May 1, 2020

Filing Fees Are Here: CFIUS Establishes Fee Structure

Holland & Knight Alert
Antonia I. Tzinova


  • Effective May 1, 2020, the Committee on Foreign Investment in the United States (CFIUS) will begin assessing filing fees on voluntary notices filed under 31 C.F.R. Parts 800 and 802.
  • The CFIUS interim rule makes no substantive changes to the proposed rule's fee structure or amounts, inapplicability to mandatory declarations or to the requirement that the fee be transmitted before a formal written notice is accepted for review.
  • The maximum fee remains $300,000 and is capped at 0.15 percent of the transaction's value.
  • CFIUS is allowing public comment on the interim rule through June 1, 2020, to provide parties who were potentially delayed by the COVID-19 pandemic with an extended opportunity to comment. The comment period, however, does not delay the filing fees' effective date. All formal written notices, filed on or after May 1, 2020, must be accompanied by the requisite fee.

Effective May 1, 2020, the Committee on Foreign Investment in the United States (CFIUS) will begin assessing filing fees on voluntary written notices filed under 31 C.F.R. Parts 800 and 802.1 The rule impacts investors in a range of sectors, including federal, commercial and residential real estate, government contractors, private equity and other investment firms, telecommunications and others.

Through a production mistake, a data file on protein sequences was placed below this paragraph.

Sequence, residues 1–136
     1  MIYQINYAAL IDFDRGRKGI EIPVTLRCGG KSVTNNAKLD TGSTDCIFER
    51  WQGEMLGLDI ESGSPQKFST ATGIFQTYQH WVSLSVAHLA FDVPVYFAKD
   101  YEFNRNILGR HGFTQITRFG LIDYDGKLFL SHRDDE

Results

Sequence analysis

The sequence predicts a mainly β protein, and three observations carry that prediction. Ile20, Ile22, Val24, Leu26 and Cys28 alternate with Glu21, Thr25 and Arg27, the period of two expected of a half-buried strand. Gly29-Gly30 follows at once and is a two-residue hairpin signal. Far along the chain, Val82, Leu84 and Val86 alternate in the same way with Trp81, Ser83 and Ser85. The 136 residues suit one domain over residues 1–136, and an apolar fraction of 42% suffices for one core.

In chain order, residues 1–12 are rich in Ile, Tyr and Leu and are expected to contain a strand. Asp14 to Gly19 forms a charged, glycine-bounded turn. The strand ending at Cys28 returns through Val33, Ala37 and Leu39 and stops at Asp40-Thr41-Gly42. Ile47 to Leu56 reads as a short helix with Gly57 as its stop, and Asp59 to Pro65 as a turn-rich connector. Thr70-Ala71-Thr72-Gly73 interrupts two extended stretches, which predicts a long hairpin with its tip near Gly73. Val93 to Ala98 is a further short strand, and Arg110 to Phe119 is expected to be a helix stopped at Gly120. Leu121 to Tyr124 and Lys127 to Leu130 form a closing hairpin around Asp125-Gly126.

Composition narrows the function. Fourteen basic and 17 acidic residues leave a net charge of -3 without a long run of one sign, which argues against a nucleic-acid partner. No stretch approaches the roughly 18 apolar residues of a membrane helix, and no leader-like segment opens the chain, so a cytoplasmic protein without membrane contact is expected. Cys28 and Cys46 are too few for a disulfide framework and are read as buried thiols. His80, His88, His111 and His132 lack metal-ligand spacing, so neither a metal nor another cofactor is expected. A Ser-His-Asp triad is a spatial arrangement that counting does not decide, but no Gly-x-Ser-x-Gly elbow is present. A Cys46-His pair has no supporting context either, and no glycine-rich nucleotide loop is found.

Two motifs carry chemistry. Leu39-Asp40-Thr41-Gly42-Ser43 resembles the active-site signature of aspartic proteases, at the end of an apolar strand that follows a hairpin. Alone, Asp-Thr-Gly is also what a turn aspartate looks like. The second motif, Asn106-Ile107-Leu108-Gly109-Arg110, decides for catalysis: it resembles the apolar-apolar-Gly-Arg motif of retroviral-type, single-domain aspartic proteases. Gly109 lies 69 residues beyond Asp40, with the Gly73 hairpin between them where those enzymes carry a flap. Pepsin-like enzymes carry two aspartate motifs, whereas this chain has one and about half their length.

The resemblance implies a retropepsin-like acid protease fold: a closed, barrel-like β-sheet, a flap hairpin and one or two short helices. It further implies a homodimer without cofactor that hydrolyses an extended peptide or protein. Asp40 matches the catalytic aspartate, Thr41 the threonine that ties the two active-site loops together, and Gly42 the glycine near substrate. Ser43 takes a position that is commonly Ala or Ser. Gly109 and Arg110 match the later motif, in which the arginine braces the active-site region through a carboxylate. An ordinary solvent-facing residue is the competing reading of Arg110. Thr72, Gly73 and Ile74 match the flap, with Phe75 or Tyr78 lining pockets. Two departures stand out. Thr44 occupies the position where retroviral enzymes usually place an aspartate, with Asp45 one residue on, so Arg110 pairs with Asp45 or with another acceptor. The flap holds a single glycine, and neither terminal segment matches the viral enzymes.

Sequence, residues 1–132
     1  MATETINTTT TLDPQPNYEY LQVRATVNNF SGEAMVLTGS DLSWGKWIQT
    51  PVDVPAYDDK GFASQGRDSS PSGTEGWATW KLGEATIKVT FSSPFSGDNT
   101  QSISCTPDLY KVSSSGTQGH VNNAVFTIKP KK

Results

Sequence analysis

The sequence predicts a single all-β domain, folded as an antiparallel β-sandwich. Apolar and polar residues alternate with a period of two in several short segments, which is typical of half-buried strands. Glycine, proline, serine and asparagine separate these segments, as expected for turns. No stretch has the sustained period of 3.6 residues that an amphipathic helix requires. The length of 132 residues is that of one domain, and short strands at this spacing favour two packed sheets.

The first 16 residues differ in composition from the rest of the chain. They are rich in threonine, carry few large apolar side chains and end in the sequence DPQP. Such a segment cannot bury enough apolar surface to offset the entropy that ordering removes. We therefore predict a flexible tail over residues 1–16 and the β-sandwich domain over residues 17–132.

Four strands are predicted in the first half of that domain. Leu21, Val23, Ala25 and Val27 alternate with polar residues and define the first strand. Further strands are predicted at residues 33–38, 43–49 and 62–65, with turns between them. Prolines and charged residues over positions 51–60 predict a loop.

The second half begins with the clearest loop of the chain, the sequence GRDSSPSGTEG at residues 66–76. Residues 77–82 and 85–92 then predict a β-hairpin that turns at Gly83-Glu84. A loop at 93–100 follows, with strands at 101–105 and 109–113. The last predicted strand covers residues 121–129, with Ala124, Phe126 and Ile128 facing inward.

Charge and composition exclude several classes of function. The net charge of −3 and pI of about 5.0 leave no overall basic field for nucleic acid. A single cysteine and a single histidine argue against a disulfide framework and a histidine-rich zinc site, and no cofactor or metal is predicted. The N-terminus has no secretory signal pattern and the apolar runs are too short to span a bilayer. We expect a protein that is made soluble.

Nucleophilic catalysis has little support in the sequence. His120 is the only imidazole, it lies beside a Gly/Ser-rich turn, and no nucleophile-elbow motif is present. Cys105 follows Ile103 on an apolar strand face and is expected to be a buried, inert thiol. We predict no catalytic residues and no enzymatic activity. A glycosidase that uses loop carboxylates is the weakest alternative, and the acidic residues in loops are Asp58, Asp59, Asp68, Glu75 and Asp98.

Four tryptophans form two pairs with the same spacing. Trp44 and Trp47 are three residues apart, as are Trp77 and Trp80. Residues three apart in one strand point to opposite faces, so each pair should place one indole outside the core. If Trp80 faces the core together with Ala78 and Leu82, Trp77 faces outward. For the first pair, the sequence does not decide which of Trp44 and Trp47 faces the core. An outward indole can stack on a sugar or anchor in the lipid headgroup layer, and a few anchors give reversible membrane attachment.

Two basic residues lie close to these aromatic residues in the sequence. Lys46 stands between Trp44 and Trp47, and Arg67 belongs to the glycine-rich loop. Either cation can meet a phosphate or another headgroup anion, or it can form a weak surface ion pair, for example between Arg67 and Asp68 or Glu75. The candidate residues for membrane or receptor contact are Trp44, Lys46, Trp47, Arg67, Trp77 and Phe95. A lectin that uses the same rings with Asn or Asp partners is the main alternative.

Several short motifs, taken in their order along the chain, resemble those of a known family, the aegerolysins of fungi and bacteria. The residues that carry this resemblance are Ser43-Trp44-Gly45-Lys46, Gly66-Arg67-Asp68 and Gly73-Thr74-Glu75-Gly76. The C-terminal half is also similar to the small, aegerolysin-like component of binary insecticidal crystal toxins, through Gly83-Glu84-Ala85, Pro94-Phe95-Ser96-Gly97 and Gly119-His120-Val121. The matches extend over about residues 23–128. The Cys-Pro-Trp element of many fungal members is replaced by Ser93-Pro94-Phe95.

The CFIUS interim rule, published on April 29, 2020, implements Section 1723 of the Foreign Investment Risk Review Modernization Act of 2018 (FIRRMA), which allows CFIUS to impose and collect fees on certain filings.2 In substance, the interim rule largely adopts the proposed rule3 and, importantly, makes no changes to the proposed fee structure and amounts. (See Holland & Knight's previous alert, "CFIUS Publishes Proposed Rule on New Filing Fees," March 11, 2020.) The interim rule does, however, make several key clarifications.

CFIUS did not make any changes to the proposed fee structure and amounts, explaining that the figures are relatively small, especially when compared to the associated transaction values and what CFIUS expects parties to expend on accounting and legal fees to close the transaction. Ultimately, CFIUS does not see the fee amounts as prohibitive or detrimental to the flow of foreign investment into the United States and, in fact, emphasizes the significant value that parties gain if a "safe harbor" letter is issued. CFIUS, similarly, rejects modifying the proposed amounts for so-called "low-risk" investors, explaining that the Committee's level of analysis does not vary based on investors' origins and modification on such a basis would be inappropriate.4

CFIUS' key clarifications arise in two provisions: valuation and effective date.


CFIUS explains that where more than one U.S. business contributes to a joint venture, valuation will be based on the collective value of each contributed U.S. business. CFIUS, however, is open to alternative valuation methods and asks for public comment on the existing methodology and proposes two alternatives for its consideration. (Comments may be submitted through June 1, 2020.5)

Likewise, CFIUS: